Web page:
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Business Culture of China

Monday March 18th, 2019

Chinese culture is fascinating. The People’s Republic of China has 1.4 billion inhabitants these days and counting. So many people obviously need a lot of space. And there is a lot of space, as with 9.6 million square kilometers of land China is the 3rd largest country in the world. The 2nd largest economy globally since 2010, and according to some measures even the largest today. Hence the increasing tension with economy superpower the US.

Already since I started doing business negotiations on behalf of my former employer, I’ve been fascinated by China. Initially, I often visited Hong Kong and looked at the mountainous backdrop of the city where the mysterious ‘mainland’ started. When I visited the mainland for the first time, this was an adventure, crossing the border in Guangzhou and traveling to the main Chinese cities for 3 weeks. I have been there more than 20 times ever since and came to love the Chinese culture, the country and certainly the people.

From a Western perspective, we tend to oversimplify the cultural differences in Asia. A few characteristics of these cultures (collectivist, conflict-avoidant, hierarchical) are easily attributed to all Asian cultures. But the differences within Asia are huge, not even speaking about the enormous differences within a country like China. If we can speak of a Chinese culture, this in itself is a wild generalization, not giving credit to the enormous differences between western Tibet, downtown Shanghai, the vast stretches of land north of the Chinese wall influenced by Mongolian history and culture, and the rapidly growing cities such as Hefei, Yangzhou and Nantong.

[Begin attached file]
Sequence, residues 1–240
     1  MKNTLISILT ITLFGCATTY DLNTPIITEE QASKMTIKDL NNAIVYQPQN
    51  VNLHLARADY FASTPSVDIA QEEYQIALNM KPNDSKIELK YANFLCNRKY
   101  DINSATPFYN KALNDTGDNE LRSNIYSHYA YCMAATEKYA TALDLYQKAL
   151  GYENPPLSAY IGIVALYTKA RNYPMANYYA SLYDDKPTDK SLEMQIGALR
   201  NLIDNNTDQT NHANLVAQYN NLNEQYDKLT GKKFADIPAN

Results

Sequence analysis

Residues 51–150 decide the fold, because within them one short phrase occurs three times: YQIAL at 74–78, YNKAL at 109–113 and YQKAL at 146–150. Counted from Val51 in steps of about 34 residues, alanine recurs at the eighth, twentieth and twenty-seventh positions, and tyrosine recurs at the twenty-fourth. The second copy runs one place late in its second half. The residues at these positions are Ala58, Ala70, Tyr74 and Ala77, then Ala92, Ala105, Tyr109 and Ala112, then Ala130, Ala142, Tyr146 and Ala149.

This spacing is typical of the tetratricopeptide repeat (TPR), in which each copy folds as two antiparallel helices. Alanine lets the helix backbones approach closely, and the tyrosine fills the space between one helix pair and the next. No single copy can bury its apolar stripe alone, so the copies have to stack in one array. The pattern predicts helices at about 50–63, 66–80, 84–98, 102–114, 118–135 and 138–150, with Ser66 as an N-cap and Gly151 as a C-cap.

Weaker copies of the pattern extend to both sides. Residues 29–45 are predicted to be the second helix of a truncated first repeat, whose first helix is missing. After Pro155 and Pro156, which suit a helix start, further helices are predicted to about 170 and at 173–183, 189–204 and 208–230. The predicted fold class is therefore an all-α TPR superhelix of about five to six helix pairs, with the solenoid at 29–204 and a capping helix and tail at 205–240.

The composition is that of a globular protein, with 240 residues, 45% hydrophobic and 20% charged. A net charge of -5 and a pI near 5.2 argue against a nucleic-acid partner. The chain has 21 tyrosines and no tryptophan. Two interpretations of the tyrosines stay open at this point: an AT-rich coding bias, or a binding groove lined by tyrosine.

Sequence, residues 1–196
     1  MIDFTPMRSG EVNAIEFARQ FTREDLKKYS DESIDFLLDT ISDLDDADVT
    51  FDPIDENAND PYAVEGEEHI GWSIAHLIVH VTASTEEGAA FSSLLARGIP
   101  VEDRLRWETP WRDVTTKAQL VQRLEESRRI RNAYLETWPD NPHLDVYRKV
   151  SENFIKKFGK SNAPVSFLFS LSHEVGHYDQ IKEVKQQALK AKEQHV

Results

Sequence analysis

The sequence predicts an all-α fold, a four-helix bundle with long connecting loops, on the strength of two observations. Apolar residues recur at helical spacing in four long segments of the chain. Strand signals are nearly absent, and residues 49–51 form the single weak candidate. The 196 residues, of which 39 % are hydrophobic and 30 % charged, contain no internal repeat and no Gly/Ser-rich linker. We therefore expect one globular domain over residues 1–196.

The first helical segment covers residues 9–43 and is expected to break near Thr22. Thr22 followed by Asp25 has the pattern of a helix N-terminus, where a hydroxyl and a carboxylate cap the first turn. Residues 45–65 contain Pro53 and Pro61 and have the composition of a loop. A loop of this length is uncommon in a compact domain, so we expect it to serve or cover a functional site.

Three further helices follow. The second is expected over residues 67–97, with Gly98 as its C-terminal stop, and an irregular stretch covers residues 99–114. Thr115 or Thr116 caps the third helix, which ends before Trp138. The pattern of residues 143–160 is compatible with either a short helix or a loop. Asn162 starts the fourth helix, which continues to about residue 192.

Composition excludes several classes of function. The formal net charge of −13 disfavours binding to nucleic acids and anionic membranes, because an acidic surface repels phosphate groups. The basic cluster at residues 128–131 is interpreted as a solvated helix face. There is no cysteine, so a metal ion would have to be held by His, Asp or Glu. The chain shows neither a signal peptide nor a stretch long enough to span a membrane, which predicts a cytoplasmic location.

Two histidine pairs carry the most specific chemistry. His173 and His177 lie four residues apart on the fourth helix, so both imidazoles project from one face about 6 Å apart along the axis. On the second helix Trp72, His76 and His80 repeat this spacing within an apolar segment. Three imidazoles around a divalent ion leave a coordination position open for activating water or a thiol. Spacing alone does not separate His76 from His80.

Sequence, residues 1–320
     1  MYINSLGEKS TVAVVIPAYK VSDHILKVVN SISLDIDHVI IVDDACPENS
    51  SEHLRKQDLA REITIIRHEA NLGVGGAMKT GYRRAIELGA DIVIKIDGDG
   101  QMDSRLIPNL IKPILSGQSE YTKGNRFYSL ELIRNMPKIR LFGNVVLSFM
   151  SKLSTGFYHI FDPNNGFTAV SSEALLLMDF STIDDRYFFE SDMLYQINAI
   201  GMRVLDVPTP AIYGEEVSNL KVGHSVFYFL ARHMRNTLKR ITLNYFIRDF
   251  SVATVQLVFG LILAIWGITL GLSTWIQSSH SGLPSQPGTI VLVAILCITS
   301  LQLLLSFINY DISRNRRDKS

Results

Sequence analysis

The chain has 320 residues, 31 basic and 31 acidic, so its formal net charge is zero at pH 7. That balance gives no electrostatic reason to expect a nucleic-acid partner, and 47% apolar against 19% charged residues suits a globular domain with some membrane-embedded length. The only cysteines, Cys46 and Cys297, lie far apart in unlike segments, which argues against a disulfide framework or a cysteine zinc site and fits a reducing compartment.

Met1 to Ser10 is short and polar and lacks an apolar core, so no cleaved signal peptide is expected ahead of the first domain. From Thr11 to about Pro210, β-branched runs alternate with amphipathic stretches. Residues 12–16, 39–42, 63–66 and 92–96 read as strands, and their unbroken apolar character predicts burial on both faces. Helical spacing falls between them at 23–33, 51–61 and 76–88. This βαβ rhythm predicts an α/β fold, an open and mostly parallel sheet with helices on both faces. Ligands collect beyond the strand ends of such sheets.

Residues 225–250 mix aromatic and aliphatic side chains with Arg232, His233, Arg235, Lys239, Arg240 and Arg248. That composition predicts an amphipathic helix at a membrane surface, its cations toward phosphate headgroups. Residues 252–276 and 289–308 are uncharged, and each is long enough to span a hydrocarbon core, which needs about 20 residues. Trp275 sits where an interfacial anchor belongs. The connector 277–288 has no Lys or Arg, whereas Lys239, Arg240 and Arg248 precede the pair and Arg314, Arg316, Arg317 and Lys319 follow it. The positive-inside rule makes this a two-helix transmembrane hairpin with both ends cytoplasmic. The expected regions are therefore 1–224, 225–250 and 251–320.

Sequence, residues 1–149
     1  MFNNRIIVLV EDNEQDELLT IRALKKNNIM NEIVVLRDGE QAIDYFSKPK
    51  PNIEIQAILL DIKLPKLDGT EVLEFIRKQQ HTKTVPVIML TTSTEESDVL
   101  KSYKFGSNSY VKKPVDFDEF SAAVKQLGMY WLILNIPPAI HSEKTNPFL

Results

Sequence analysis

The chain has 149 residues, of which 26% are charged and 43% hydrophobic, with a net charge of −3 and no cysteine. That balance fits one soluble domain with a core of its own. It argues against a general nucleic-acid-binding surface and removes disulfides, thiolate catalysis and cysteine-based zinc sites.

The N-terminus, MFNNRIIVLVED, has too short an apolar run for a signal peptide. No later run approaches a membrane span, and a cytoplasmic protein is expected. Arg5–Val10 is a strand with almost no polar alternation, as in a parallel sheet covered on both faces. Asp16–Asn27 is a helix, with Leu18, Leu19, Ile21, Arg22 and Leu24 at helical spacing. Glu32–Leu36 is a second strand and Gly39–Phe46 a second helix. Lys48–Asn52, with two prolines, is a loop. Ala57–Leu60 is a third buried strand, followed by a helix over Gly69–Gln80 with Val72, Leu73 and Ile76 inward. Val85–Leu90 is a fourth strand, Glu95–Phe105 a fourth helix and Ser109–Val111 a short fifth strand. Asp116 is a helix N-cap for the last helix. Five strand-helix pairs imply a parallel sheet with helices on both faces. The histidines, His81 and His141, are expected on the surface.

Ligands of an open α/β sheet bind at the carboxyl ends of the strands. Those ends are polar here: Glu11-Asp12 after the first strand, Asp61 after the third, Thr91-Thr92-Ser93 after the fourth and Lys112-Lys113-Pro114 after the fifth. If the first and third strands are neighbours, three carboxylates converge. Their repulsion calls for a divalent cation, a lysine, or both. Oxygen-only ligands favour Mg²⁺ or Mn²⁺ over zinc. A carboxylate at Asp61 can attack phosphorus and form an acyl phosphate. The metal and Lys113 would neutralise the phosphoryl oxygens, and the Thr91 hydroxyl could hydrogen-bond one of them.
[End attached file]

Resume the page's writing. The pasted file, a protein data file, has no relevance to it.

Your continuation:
And although it is fair to refer to China as ’typical Asian’, there are several characteristics of the Chinese culture that sets it apart from many other cultures in Asia. I shortly mention 3 here:



The Chinese are incredibly pragmatic, compared to many other Asian cultures. When problems arise while doing business in China, these problems can be real show-stoppers. Top-management does not back-up the deal, the specification of the Chinese customer changes and you cannot meet the new requirements, or quality standards are just not met and your product does not qualify.

However large these problems, the good news is they can disappear rapidly as well. When the pragmatic Chinese want to do business with you, they will always find a way. And however big the problems, there’s always a way around. The advice in China is not trying to out-smart the system as a Westerner and design the perfect solution yourself. Ask your Chinese counterparts for their advice: “Your top management has not agreed with my proposal. So what would you advice me to do now, such that we can work together?” When there is trust and the Chinese want to do business, the most pragmatic, creative and unexpected solutions are just around the corner.


Help me out